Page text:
Tag Archives: the day after tomorrow

The day after tomorrow – why do we need futures thinking?

 

Couple of years ago I have encountered, quite incidentally with prof. David Passig‘s work. David deals with futures thinking, and how it may benefit businesses and communities. His books re the future of Israel, and futurism in general caught my eyes, and spoke to me in a language I am very familiar with – methodology, the systematic way in which things work.

Before I start flooding your screen with information and thoughts, please feel yourself at home, grab a coffee and watch The Day After Tomorrow. You will see the trailer below, but you must watch in order to FEEL it. Craziness of unexpected things, or maybe unrealistic? forgotten? unattractive? unplanned?! Watch and keep reading afterwards.

I watched this movie in a cinema. I was young, freshly graduated from university and worked in market research as a research assistant while pursuing my master degree is Sociology. I liked it, I liked it because it was so fictive, so crazy, so impossible, but still mother nature in all its glory. Wow!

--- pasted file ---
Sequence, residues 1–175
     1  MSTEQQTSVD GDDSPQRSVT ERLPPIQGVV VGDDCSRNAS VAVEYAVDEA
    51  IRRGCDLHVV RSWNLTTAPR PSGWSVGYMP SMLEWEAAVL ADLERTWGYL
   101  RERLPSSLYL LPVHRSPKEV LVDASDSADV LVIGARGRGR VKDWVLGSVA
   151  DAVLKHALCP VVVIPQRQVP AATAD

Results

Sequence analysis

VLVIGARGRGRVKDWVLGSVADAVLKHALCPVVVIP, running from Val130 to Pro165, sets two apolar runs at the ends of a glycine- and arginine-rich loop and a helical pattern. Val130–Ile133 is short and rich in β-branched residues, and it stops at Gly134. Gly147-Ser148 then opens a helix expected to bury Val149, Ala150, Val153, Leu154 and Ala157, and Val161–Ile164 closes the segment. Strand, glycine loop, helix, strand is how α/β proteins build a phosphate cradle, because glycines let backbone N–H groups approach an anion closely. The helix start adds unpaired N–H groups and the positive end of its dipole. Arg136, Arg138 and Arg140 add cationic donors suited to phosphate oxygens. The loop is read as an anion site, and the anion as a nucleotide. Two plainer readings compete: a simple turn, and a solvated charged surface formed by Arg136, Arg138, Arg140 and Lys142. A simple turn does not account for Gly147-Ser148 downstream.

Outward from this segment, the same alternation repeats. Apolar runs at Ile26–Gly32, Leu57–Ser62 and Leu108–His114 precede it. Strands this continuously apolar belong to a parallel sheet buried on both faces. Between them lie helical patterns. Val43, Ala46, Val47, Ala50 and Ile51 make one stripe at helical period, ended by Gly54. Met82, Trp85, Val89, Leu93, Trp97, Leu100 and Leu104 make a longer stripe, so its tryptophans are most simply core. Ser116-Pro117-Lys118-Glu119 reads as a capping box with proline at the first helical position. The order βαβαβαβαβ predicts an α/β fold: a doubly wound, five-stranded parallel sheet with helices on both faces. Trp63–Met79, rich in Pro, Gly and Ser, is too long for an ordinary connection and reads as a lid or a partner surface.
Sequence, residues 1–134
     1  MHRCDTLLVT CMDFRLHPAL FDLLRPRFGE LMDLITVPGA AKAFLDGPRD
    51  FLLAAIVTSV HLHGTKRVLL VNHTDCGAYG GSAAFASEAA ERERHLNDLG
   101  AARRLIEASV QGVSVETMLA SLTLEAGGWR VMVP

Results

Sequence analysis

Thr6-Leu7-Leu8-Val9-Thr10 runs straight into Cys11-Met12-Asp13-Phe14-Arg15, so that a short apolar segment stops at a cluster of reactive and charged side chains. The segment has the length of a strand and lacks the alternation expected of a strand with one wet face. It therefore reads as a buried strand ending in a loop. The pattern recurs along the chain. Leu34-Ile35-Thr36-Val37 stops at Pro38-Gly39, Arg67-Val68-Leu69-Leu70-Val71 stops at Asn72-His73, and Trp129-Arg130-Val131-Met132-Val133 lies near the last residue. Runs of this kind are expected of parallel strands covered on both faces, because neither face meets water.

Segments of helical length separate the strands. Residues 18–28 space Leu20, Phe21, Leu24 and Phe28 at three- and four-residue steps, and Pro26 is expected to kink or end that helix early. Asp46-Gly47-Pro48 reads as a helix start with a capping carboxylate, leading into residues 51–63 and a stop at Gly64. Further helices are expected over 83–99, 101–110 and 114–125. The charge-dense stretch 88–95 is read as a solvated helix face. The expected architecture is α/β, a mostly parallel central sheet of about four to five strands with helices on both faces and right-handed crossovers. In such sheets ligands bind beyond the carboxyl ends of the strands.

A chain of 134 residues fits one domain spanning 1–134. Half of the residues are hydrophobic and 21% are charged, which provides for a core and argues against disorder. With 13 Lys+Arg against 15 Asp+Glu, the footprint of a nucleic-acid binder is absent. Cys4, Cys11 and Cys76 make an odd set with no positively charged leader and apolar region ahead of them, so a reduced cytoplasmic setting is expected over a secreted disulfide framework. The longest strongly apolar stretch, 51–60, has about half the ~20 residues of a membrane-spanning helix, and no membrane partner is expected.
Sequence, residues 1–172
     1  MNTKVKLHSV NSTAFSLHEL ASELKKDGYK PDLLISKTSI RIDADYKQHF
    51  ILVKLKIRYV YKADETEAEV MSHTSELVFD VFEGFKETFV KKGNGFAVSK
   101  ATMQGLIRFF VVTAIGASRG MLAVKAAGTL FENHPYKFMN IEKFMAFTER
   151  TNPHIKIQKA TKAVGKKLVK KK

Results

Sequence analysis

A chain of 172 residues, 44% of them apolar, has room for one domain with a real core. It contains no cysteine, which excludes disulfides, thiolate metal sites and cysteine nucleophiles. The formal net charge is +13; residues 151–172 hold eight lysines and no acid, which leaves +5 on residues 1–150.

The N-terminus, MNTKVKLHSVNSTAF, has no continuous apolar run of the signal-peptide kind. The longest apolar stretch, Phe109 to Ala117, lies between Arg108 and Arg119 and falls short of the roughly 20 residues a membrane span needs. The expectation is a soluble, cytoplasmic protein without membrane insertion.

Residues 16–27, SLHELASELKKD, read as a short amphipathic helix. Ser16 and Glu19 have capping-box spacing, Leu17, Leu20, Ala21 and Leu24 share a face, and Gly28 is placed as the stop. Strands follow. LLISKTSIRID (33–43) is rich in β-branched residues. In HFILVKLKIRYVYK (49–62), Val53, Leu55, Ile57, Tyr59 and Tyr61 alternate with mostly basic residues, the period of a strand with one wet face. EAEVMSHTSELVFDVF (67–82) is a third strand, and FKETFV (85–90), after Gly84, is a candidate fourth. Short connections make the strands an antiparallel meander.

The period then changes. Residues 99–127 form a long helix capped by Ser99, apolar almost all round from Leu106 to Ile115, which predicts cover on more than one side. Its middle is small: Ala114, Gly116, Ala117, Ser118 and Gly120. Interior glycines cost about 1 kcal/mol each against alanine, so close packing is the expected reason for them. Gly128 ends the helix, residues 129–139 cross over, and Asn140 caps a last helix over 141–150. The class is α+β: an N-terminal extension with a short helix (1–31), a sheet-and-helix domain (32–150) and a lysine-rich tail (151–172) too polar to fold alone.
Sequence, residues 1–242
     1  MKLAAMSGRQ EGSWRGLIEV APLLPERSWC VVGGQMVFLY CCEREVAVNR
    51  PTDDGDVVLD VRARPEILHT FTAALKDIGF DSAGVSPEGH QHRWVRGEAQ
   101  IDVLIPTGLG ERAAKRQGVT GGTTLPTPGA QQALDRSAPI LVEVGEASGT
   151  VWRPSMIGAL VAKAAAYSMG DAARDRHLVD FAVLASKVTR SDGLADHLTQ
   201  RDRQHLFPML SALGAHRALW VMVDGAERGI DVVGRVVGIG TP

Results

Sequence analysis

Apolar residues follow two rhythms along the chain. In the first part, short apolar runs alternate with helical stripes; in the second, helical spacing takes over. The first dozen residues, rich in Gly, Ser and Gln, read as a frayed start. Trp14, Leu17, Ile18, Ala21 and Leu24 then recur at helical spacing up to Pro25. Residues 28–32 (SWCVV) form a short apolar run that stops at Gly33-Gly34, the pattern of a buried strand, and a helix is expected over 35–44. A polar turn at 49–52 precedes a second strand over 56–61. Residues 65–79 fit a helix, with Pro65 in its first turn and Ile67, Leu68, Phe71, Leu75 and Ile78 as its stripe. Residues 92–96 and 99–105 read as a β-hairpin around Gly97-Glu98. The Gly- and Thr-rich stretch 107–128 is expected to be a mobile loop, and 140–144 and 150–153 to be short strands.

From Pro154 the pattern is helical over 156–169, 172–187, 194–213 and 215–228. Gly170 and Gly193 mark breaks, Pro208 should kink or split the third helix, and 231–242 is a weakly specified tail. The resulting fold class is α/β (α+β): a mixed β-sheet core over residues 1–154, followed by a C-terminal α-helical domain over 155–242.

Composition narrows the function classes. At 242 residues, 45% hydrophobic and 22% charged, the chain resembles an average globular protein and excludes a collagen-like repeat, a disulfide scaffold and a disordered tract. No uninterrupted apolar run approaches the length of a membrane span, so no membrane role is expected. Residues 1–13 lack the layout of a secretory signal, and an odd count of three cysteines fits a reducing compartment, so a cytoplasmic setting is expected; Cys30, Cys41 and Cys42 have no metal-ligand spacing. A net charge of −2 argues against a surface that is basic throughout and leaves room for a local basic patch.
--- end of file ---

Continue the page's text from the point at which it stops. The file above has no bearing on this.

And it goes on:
Yet, I must admit – there was something else pretty amazing in this movie – its message. Besides the regular drama of father and son, there was a strong claim re earth, global warming, mutual responsibility, and above all – the extreme power of planning and facing reality.

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Yes, unfortunately we have to. I say unfortunately because most of us like the idea of doing we we are doing, without the need to expect the future or plan, it is pretty normal and obvious, I believe. But, hey! I am here to awake you my friends – we have to plan, we have to face the future ready enough, we have to put ourselves together. How? there are many ways to do it, the first one is to KNOW what your organization do, the second in this line is to IMPROVE what you are doing, and last but not least is to PLAN the future. Face it, take action before it starts happening and you find yourself in a middle of a huge storm, and all you can do is to press the “safe mode” button. ¬†It is much harder to fix, and much easy to plan and be safe in advance.
I will elaborate more on futurism and particularly futures thinking in business and organizations in my coming posts, so you can be familiar with the methodology, which is, in my opinion, very impressive and pretty out of ordinary.
Stay tuned as I soon plan to publish a strategic future forecast, I made for the Jewish community in Toronto, Canada.

…And here you go – read here what is expected for the Jewish community in the GTA within 20 years from today

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